Simon-Shlomo Poil showed that EEG activity in the beta frequency range (13–30Hz) could be a helpful prognostic marker to predict the conversion from the MCI state to the overt AD condition. Of note, the authors found that the prediction power is higher (sensitivity of 88% and specificity of 82%) when EEG biomarkers are considered in an integrated way.

Davide V. Moretti demonstrated that the increase of EEG alpha3/alpha2 power ratio is related with prodromal phase of AD. The association with hippocampal atrophy, cortical thickness and reduction of brain regional cerebral perfusion suggests that alpha3/alpha2 power ratio could detect the MCI subjects who will convert to AD.

Very interestingly, Natalya Ponomareva confirmed the reliability of the increase of the EEG alpha3 spectral power investigating the age-related influence of the polymorphism of clusterin (CLU) genotype, associated with AD. In particular, the homozygous variant of CLU C allele is related with the increase of EEG alpha3 power, suggesting a possible susceptibility of this genetic variant carriers to hippocampal atrophy.

Monica Lindin explored the field of event-related potentials demonstrating that the Mismatch Negativity (MMN) amplitude was significantly smaller in aMCI subjects than in healthy controls.

Beyond EEG, also magnetoencephalography (MEG) could be a useful research tool. Pilar Garcés found a pathological alpha slowing in MCI patients when compared to healthy controls investigating the changes in the spatial distribution of the frequency and amplitude values of MEG alpha peak.

Finally, besides AD, Davide V. Moretti found that EEG frequency rhythms are sensible also to different stage of Fronto-Temporal-Dementia (FTD) and could detect changes in brain oscillatory activity affected by progranulin (GRN) mutations.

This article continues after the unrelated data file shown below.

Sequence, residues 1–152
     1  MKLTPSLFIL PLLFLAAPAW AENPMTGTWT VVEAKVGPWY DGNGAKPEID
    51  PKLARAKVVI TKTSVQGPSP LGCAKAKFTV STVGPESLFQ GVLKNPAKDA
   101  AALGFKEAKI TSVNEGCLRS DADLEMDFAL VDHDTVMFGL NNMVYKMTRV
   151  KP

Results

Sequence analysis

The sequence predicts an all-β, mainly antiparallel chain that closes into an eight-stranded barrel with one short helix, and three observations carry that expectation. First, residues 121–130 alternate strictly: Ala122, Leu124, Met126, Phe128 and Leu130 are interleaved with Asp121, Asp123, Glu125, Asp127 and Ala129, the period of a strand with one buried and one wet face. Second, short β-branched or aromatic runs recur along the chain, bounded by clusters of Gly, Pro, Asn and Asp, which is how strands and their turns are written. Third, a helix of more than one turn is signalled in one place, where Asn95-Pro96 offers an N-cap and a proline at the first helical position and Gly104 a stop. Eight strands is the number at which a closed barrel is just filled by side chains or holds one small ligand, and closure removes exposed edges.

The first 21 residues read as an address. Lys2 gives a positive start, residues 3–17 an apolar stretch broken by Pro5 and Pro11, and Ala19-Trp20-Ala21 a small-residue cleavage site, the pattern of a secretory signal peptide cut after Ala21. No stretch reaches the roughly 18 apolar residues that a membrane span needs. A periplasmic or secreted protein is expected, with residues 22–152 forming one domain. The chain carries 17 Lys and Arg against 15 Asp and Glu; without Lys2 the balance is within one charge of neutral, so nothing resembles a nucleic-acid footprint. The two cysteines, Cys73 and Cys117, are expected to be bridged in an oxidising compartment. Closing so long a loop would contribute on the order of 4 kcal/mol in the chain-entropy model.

It is commonly thought that research in neuroscience is the researcher's effort to understand his own brain. If it is true, I want to thank all the authors for helping me to understand also something more of myself.

Somewhere, something incredible is waiting to be discovered (Cari Sagan)

Author Contributions

The author confirms being the sole contributor of this work and approved it for publication.

Conflict of Interest Statement

The author declares that the research was conducted in the absence of any commercial or financial relationships that could be construed as a potential conflict of interest.

Keywords: neurophysiology, EEG, alpha rhythm, magntoencefalography, Mismatch Negativity, mild cognitive impairment, Alzheimer's disease, genetics

Citation: Moretti DV (2016) Editorial: Neurophysiology in Alzheimer's Disease and Dementia. Front. Aging Neurosci. 8:153. doi: 10.3389/fnagi.2016.00153

Received: 09 April 2016; Accepted: 13 June 2016;
Published: 27 June 2016.

Edited and reviewed by: Rodrigo Orlando Kuljiš, University of Miami School of Medicine, USA

Copyright © 2016 Moretti. This is an open-access article distributed under the terms of the Creative Commons Attribution License (CC BY). The use, distribution or reproduction in other forums is permitted, provided the original author(s) or licensor are credited and that the original publication in this journal is cited, in accordance with accepted academic practice. No use, distribution or reproduction is permitted which does not comply with these terms.

*Correspondence: Davide V. Moretti,